American Journal of Climate Change

Volume 3, Issue 3 (September 2014)

ISSN Print: 2167-9495   ISSN Online: 2167-9509

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Contribution of Animal Agriculture to Greenhouse Gases Production in Swaziland

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ABSTRACT

The economy of Swaziland is depended on agriculture. In 2009, it was reported that agriculture, forestry, and manufacturing contributed 42% of Swaziland’s Gross Domestic Product (GDP). Besides economic importance, animal agriculture is important for food production and life sustenance. It is also viewed as a symbol of wealth and high social status particularly for the rural folks. Despite the merits of agricultural activities, agricultural production, particularly animal production, has been incriminated for an accelerated emission of greenhouse gases. These gases are responsible for global warming and climate change. The aim of this study was to determine the contribution of animal agriculture to greenhouse gases production and to elicit adaptation strategies to climate change and the role of modern technologies as mitigating measures. The minor and major greenhouse gases produced by farm animals were computed using the IPCC spread sheet for calculation of greenhouse gases emissions. The minor greenhouse gases produced by farm animals were NOx and CO2 and the major gasses included CH4 and N2O. The greenhouse gas that was emitted the most by farm animals was CH4, 24 Gg or 600 CO2e per annum. Ruminants were the major producers of methane. The producers of the least greenhouse gases emissions were non ruminants. Livestock produced 0.87 Gg of N2O per annum, a global warming potential of 259 CO2e. Feeding ammoniated straw and silage inoculating with transgenic rumen bacteria, animal breeding and manure storage techniques, use of biogas digester with methane gas recovery and emphasis on non ruminant production were possible strategies that could be employed to reduce greenhouse gases production from the livestock sector. It was recommended that feed preservation technologies, selection strategies, water harvesting, storage and recycling strategies and intensive livestock production systems could be used as adaptation strategies to climate change in livestock production.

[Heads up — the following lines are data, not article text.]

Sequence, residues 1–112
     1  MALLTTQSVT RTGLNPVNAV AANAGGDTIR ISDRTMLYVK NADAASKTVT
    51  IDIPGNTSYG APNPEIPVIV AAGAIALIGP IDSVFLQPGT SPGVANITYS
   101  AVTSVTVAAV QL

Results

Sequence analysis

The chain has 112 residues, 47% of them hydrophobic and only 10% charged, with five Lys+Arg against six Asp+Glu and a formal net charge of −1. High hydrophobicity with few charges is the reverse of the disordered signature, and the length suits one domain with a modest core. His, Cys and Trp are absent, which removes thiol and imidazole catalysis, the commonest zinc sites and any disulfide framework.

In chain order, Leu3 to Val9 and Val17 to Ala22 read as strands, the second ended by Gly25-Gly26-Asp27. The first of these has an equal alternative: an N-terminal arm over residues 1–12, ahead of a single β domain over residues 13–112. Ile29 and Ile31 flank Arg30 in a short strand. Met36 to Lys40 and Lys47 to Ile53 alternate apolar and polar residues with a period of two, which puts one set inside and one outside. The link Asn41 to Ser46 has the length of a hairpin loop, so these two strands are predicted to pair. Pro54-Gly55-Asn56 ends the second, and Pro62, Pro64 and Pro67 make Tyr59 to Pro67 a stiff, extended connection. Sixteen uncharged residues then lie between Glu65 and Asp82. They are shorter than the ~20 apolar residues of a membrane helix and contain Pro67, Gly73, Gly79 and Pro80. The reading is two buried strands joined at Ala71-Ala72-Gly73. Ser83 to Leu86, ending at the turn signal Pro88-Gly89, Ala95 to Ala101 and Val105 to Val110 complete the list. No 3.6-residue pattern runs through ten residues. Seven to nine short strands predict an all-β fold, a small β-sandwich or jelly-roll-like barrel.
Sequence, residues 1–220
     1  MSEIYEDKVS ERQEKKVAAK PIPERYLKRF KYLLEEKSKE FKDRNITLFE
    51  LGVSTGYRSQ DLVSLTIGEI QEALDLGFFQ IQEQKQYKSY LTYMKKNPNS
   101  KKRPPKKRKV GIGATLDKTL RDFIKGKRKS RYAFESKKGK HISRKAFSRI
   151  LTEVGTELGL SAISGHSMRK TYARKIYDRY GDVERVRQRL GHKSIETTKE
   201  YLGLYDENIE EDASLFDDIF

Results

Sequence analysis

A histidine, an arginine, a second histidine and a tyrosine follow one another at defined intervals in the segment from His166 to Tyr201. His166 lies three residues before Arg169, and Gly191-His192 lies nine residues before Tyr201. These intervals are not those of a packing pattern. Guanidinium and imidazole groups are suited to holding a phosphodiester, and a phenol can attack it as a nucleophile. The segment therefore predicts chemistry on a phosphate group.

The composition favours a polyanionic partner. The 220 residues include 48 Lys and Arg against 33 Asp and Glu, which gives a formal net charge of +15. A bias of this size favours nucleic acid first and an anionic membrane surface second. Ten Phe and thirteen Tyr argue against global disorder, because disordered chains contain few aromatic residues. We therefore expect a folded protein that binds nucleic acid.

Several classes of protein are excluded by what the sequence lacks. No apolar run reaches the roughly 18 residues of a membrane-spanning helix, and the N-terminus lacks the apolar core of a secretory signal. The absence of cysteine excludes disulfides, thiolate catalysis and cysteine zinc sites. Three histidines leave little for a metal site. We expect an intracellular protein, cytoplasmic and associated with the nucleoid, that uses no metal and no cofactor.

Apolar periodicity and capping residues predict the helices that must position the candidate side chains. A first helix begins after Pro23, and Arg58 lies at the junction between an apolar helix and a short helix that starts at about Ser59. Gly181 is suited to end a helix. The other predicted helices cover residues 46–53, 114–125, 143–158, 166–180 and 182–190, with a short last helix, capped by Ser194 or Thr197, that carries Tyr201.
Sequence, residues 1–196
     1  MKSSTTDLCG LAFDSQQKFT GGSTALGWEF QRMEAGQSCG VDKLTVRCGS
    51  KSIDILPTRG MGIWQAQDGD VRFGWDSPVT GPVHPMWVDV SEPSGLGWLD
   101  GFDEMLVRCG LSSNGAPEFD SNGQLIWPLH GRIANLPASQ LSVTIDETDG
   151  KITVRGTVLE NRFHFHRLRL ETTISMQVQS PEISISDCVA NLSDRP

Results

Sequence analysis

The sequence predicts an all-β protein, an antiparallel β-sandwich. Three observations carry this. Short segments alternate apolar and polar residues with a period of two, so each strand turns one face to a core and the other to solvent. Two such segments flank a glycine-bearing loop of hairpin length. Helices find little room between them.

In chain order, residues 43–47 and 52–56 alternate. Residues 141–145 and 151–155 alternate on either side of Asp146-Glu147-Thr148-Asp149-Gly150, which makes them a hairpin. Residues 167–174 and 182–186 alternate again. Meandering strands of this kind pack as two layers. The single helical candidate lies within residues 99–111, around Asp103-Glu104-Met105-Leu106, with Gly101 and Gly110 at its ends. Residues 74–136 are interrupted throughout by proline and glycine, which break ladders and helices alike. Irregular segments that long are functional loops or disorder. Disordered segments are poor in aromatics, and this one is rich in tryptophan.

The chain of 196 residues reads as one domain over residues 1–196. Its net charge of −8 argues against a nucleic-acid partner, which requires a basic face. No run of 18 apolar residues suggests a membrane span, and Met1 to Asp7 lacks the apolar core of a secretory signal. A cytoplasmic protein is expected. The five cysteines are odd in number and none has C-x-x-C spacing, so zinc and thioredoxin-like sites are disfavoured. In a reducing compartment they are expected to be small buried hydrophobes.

Cite this paper

Dlamini, A. and Dube, M. (2014) Contribution of Animal Agriculture to Greenhouse Gases Production in Swaziland. American Journal of Climate Change, 3, 253-260. doi: 10.4236/ajcc.2014.33024.

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